“Communicating how wonderful and amazing bats really are should be a top priority,” says Sheema Abdul Aziz of Rimba. Ultimately, we need to find ways we can get people to fall in love with bats, and really start caring about bats.”

 

More reading

Sheema Abdul Aziz: ‘Covid-19: The public scapegoating of bats needs to stop

Merlin Tuttle: ‘A viral witch hunt

Joint statement: 64 South Asian bat biologists bust myths about bats and Covid-19

Huabin Zhao: ‘COVID-19 drives new threat to bats in China

Rimba: ‘FAQ on bats and Covid-19’ (also available in Bahasa Malaysia and simplified Chinese)

Bat Conservation International: ‘ FAQ on bats, coronaviruses and zoonotic disease

Photo credit

Andrew Beresford / Flickr (Creative Commons)

Frying eggs, flying foxes, dying wasps, crying shame

Crack an egg in a pan, turn up the heat and you can witness a kind of magic. In just seconds the viscous egg solidifies. And despite the rising heat, it’s the opposite of melting that occurs. I was a teenager when I heard a biology teacher explain this paradox: “The egg is full of proteins and the heat has denatured them”. Denatured. The word was new to me. Twenty-five years later I find it is a fitting descriptor of more than just wayward proteins.

My teacher had explained that every protein has a temperature at which it will function best. Too hot or too cold and the protein’s shape can buckle or break. It will no longer be able to bond with other chemicals. It will cease to work. I think about that fried egg often when I consider what rising temperatures could mean for the planet.

We know that when people die of heat stroke, part of the problem is that some of their proteins have denatured. Could our cells become our jailors?

The proteins inside us and every other living thing vary greatly. Some tolerate heat better than others. Others begin to destabilise at just a couple of degrees warmer than normal. It is not the average protein that poses a problem, but the weaker links, those most liable to destabilise in extreme heat. We don’t know yet which of them are also critically important – to our food crops for instance.

As the world warms, what will happen to the millions of different proteins in the millions of different species, from spores to sperm whales, soil bacteria to sunflowers? These invisible structures are central to life itself. They give shape not only to hair and to horn but also to hormones and enzymes and DNA. They are the messengers and mechanics that control and correct processes in and between cells. Like the gaps in music that make the beats thrilling, these in-between places are where wonder is born.

It’s the same between species. Life is not a zoo of caged individuals living in isolation but a web of shared destiny. And while activists go on about polar bears or other creatures in danger, I am more curious about what climate change could mean for the way species interact and provide us gifts as a result. It’s been on my mind since the early years of my career when I lived in a rainforest in Borneo and studied the most fascinating of plants, the strangler figs.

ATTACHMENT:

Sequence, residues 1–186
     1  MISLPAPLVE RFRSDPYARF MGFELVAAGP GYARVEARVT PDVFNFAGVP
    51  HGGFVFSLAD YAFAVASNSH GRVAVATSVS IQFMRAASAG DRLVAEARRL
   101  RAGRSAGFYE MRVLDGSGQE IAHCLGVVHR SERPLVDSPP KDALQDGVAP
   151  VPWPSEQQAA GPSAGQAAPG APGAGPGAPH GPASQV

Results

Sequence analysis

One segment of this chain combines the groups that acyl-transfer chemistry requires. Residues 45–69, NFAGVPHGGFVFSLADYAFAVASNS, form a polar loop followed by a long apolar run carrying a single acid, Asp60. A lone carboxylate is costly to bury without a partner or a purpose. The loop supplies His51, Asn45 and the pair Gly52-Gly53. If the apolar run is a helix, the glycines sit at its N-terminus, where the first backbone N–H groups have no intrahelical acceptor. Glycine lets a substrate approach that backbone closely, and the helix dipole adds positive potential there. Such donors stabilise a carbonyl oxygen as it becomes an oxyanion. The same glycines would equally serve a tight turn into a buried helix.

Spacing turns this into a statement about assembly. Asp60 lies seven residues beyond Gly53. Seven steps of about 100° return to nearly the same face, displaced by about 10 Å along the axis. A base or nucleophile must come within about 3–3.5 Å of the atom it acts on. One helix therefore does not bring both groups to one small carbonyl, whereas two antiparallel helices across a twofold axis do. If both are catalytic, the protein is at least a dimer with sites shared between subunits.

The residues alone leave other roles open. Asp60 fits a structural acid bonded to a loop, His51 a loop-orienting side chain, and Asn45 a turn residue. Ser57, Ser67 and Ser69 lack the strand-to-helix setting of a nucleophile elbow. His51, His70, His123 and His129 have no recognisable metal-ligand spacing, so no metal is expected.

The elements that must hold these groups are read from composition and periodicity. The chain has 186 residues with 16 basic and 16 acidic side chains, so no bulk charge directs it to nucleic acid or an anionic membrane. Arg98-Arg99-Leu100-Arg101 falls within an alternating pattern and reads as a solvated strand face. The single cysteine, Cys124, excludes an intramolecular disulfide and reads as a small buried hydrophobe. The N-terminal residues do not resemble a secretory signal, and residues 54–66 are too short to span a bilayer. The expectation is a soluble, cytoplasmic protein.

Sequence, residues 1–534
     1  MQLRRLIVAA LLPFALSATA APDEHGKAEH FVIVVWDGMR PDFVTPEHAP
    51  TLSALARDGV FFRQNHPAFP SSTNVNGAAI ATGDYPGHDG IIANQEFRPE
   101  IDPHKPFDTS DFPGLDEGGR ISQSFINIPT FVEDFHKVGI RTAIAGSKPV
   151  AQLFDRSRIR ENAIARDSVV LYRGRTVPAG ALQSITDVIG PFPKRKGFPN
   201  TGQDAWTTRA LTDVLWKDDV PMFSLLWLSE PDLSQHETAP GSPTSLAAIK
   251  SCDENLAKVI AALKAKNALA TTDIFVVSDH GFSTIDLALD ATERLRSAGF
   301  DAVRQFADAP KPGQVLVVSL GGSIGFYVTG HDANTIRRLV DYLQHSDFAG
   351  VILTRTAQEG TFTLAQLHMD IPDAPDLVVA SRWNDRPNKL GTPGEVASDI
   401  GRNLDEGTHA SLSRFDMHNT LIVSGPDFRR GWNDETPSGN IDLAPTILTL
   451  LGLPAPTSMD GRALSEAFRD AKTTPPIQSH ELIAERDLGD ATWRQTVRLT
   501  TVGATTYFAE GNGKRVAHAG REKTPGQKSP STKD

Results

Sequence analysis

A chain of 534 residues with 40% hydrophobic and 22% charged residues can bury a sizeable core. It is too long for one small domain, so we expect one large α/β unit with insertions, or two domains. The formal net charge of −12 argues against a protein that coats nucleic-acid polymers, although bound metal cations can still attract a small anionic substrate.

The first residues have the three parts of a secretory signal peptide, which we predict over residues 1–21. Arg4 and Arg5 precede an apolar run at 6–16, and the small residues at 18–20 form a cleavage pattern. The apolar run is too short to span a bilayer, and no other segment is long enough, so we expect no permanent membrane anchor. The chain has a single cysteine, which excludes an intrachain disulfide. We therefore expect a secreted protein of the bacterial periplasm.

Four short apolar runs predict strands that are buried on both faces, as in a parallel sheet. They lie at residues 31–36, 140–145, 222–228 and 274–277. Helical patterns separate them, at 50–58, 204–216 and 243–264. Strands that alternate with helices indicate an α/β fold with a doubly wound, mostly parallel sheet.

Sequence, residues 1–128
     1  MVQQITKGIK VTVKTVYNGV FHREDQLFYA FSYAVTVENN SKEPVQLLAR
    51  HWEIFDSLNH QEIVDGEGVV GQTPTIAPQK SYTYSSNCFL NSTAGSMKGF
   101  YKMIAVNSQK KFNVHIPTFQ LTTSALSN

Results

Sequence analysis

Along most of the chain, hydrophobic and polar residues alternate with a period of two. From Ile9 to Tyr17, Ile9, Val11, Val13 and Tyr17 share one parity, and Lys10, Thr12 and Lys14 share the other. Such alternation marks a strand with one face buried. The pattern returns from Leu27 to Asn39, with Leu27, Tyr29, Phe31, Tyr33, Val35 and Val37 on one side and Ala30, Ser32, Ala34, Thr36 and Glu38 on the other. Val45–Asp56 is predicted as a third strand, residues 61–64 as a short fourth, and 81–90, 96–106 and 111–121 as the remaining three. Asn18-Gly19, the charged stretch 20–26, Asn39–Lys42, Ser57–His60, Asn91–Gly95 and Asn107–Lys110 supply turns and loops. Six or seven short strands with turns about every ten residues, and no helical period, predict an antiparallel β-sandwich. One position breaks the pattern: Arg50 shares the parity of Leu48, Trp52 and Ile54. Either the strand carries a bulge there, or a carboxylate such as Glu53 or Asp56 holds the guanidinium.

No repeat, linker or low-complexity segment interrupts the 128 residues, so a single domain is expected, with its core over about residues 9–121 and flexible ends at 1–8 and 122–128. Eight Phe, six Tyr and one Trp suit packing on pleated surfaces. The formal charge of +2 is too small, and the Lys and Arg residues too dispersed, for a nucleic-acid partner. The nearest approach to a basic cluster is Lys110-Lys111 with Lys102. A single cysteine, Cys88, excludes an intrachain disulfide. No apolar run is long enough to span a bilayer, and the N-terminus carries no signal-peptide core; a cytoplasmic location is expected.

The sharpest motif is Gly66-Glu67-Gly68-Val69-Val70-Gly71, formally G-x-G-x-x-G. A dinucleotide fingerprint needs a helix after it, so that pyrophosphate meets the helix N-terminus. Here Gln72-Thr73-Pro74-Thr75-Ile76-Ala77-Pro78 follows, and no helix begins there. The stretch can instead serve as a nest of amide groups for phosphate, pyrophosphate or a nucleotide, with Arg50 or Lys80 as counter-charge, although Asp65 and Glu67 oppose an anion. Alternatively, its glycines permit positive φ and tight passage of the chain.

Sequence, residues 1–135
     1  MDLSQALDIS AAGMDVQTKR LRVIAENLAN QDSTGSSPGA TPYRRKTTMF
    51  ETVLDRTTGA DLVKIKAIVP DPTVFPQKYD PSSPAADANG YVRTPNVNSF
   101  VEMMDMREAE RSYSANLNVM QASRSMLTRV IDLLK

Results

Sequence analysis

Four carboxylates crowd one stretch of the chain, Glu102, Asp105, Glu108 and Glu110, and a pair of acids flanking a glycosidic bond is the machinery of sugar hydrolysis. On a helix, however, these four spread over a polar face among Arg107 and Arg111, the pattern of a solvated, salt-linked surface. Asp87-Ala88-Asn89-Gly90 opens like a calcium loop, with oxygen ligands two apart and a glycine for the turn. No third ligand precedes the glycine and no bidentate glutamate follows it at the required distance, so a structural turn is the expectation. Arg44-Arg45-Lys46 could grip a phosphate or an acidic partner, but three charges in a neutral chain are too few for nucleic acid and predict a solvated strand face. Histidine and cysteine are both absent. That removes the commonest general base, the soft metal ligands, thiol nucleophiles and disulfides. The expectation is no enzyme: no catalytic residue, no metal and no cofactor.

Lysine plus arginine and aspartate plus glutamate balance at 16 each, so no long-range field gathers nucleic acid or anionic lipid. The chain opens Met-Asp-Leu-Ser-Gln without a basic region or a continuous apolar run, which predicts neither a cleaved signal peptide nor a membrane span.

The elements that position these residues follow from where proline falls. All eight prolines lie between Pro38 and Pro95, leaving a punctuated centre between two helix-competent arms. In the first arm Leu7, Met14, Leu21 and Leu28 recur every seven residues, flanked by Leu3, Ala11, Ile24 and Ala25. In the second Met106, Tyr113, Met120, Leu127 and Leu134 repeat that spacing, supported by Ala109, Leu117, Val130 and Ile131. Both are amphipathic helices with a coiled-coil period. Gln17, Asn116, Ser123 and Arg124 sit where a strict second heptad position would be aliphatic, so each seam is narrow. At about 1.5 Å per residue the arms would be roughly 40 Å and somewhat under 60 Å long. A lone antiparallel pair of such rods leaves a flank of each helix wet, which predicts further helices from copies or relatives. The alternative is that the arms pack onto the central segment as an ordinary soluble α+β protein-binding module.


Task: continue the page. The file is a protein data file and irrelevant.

Every one of the 750 or more species of fig trees depends for survival on its own species of tiny wasps to pollinate its flowers. The wasps in turn depend on the figs, the only places in which they can lay their eggs. This mutual reliance combines with the wasps’ short lifespans to ensure figs are available year-round, and because of this they sustain more species of birds and mammals than other plants. In return for the fig flesh those creatures disperse the trees’ seeds, and provide the same service to thousands of other rainforest plants. These interactions between fig trees and animals help to sustain the great rainforests of the world.

What does this have to do with climate change? Researchers have shown that just a small increase above current temperature levels will shorten a fig wasp’s life to just a couple of hours – not enough time to find a fig, pollinate its flowers and lay eggs. No pollination would mean no ripe figs for animals to eat, and this would mean fewer seeds get spread from place to place. Tree species that form a key part of the forest and its capability as an ensemble to lock away carbon are likely to suffer.

The tiny wasps are frail but some of the fig trees’ bigger partners are at risk too. They include fruit bats called flying foxes that can carry seeds 50 kilometres or more before pooping them out, making them some of the most effective seed dispersers around. Their vulnerability became clear early in 2014 when thousands of them fell dead from the sky during a blistering heat wave in Queensland, Australia. For both the bats and the fig wasps, the heat was too much. It will have interfered, at a cellular level, with proteins that cooked and then closed for business. These snapshots suggest trouble in store for the fig trees and the forests, whose fates entwine with our own.

Ecology teaches us that no species is an island. It’s a lesson our leaders seem to have skipped. It shows us we’re all in this together, the fig wasp and the fruit bat, the you and the me. That’s what makes the human fingerprints all over climate change all the more ironic. As we develop societies ever more distant from nature to protect ourselves from its wild whims, we risk unleashing upon these denatured societies powers we cannot hope to control or even predict.

This post reproduces my contribution to Culture and Climate Change: Narratives, which launched on 24 June at the Free Word Centre. The whole book is available for free and anyone can reproduces its articles under a Creative Commons Licence.